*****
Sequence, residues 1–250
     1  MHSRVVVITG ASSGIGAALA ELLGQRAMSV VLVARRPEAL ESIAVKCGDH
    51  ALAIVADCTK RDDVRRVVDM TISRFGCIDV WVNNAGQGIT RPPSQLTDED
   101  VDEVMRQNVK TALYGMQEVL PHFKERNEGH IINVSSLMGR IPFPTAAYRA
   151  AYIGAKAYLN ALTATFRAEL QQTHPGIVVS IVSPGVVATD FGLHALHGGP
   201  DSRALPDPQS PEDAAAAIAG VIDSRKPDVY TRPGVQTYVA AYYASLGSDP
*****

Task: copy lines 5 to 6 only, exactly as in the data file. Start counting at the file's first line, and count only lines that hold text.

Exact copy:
   151  AYIGAKAYLN ALTATFRAEL QQTHPGIVVS IVSPGVVATD FGLHALHGGP
   201  DSRALPDPQS PEDAAAAIAG VIDSRKPDVY TRPGVQTYVA AYYASLGSDP